Dec 23

[review] Gelatine: Gie Ji Gaii

gie ji gaiiSometimes you have to see musicians live to get them. I had previewed the bands playing the Far East to East Showcase at Webster Hall prior to the event on Sept. 27 , and Gelatine didn’t grip me instantly. My first impression, based off performance videos of singer Seiko shrieking and marching around in a diaper, was that the New York-based Japanese band belonged squarely to the subset of wacky Japanese punk rock, where the hyper music is matched by the band members’ eccentric stage presence. Though I enjoy several such bands, Gelatine didn’t strike me as adding anything new or distinctive to the formula.

That impression changed when I saw the band live. Entering The Studio after attending AKB48’s glossy and highly packed pop concert, I was struck by the dim lighting and intimate feel of the tiny bar in Webster Hall—and how well opener Gelatine matched them. I wasn’t wrong about the band’s strangeness. A bondage-clad Seiko shrieked, stomped and headbanged to the wild music, guitarist Jun delivered his MCs in a novel metal growl, and keyboardist Waiko wore a schoolgirl uniform. But their music and performance had a distinctive dark, deranged mood suited to an underground club show.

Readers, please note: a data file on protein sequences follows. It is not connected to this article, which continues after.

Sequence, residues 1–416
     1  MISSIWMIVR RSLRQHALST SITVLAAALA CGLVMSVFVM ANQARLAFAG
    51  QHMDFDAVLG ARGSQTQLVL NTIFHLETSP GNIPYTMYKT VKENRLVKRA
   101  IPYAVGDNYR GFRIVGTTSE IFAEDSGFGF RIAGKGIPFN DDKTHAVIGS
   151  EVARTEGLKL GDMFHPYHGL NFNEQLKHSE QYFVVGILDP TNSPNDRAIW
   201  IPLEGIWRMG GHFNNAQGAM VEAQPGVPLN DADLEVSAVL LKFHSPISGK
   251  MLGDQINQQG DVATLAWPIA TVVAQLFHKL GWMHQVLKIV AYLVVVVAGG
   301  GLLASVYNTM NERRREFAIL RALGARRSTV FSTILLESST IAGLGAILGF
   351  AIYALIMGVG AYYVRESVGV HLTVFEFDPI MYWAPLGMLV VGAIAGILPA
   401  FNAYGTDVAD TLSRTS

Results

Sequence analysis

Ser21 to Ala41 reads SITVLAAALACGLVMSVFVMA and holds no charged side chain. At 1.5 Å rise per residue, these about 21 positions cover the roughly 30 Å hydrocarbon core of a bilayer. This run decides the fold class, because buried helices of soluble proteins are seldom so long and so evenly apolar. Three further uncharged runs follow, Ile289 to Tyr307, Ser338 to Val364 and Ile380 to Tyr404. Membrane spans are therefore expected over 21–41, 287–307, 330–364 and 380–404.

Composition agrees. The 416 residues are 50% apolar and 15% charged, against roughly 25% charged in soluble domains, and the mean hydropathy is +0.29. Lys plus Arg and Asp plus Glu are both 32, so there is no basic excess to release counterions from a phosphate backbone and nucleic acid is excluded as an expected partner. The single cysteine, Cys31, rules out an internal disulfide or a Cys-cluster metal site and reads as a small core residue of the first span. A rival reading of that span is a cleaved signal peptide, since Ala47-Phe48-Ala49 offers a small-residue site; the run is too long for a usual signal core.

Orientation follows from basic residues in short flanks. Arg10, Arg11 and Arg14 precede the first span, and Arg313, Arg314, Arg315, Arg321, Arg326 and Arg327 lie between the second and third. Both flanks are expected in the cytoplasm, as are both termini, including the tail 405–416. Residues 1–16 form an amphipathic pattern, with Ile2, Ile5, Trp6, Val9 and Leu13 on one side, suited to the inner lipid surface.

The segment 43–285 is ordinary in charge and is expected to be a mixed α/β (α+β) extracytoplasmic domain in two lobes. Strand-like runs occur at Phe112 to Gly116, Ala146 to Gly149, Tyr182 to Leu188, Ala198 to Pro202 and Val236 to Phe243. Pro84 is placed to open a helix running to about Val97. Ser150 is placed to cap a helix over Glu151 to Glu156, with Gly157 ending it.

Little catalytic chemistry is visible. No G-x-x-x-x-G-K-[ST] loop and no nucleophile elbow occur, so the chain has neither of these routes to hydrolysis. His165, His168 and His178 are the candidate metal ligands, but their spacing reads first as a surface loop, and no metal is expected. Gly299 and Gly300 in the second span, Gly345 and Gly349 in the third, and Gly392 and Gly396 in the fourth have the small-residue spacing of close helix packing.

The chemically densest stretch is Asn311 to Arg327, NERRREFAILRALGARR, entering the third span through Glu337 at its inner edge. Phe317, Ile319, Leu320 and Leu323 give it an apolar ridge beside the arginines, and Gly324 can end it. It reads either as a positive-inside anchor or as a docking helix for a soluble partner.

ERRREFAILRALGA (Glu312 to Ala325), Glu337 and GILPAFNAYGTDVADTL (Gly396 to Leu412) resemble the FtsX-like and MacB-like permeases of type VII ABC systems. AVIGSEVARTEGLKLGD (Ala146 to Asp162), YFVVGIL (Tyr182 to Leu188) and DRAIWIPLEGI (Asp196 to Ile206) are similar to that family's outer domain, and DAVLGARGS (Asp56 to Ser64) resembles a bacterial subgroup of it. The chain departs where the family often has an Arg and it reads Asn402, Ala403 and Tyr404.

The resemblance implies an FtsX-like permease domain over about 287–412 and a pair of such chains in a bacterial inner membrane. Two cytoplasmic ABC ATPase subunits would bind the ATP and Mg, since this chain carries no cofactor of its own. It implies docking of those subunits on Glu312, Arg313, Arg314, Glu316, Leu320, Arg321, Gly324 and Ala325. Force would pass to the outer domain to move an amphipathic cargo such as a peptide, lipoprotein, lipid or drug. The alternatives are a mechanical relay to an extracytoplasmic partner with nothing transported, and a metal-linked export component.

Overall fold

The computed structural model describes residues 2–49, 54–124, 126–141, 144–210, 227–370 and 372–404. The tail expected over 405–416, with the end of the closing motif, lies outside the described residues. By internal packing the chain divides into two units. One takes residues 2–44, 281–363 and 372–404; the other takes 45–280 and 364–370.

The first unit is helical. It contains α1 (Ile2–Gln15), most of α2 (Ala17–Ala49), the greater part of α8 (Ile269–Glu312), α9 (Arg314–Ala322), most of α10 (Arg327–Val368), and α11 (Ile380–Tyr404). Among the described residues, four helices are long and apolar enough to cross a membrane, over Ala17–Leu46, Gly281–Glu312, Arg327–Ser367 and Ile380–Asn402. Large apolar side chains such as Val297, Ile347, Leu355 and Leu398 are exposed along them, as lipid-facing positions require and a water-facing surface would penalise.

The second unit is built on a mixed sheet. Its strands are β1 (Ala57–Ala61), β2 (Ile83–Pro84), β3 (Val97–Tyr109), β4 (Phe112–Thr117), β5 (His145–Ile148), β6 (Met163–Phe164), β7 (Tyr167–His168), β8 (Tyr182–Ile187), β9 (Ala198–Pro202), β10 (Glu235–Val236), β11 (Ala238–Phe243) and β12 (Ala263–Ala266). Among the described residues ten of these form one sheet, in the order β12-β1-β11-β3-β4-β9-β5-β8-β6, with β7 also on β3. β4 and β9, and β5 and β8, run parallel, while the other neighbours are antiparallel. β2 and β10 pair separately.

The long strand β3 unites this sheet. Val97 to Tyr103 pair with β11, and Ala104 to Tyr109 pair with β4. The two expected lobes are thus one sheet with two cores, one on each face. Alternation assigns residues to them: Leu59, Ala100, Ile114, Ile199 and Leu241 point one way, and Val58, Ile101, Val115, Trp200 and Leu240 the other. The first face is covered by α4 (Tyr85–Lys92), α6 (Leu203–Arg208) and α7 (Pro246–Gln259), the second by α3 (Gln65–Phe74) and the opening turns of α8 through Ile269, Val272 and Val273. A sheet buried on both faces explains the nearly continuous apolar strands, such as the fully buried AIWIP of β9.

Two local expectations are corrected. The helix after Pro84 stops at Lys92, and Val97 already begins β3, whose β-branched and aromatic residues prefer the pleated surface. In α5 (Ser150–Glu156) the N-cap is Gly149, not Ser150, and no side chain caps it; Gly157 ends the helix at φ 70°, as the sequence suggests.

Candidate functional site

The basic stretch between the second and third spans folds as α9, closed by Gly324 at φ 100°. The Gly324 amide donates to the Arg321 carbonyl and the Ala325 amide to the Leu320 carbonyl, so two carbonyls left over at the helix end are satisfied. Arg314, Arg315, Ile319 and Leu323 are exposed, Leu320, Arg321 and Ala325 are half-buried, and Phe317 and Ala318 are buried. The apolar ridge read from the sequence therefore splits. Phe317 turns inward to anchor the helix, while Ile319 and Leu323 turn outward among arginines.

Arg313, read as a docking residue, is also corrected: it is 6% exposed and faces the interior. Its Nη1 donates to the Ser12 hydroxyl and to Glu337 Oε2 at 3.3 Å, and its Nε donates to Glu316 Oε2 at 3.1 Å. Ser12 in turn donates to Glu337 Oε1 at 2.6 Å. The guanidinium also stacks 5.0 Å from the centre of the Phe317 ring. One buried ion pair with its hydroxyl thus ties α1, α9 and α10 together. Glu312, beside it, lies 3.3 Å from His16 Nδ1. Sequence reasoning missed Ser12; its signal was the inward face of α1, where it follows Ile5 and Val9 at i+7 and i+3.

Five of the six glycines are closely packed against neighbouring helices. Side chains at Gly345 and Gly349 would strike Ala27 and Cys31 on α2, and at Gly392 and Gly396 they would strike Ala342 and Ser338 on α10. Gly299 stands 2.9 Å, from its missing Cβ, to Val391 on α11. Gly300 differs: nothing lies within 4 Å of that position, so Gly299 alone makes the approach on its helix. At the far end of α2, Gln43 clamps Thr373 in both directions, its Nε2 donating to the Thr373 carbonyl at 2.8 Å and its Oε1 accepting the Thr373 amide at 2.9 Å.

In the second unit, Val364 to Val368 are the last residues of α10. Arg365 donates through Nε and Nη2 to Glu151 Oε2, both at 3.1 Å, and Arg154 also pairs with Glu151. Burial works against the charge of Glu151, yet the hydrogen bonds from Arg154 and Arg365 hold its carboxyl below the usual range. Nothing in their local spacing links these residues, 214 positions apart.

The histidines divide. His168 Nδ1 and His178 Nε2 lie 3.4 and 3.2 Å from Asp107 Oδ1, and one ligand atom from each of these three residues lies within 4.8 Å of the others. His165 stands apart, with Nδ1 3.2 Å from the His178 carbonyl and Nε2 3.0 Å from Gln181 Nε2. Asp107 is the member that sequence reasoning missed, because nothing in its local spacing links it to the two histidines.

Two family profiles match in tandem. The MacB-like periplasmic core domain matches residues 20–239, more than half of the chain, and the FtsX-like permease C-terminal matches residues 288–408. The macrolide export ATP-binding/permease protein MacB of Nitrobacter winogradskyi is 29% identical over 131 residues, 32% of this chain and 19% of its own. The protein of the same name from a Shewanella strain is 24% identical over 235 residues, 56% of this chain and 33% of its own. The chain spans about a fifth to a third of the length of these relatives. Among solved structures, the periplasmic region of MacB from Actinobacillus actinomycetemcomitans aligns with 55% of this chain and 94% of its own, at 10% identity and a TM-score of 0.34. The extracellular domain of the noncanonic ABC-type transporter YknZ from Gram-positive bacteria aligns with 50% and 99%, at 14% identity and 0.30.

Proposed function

Gie Ji Gaii is Gelatine’s first album, released nine years into the band’s lifetime, and it recreates the live experience admirably. The raw production is easy on the ears and makes me feel like I’m back in The Studio on Sept. 27. Even without the visual element, Gelatine’s murky punk has a prominent gloomy undertone that adds dimension to their music and anchors their hyperactivity, a refreshing change of pace from peers content to be superlatively happy. “Let’s Go Gelatine” sounds chaotic and agitated for a band theme song. The grungy, stop-start “‘Cause My Mom Said So” sounds manic, angry, evil, disturbed, and mischievous–all at once.

People often go to concerts because they’re fans of the performers’ recorded music, but Gelatine is one band for which the opposite works better. See them live first, then check out the CD. You’ll understand their music better that way.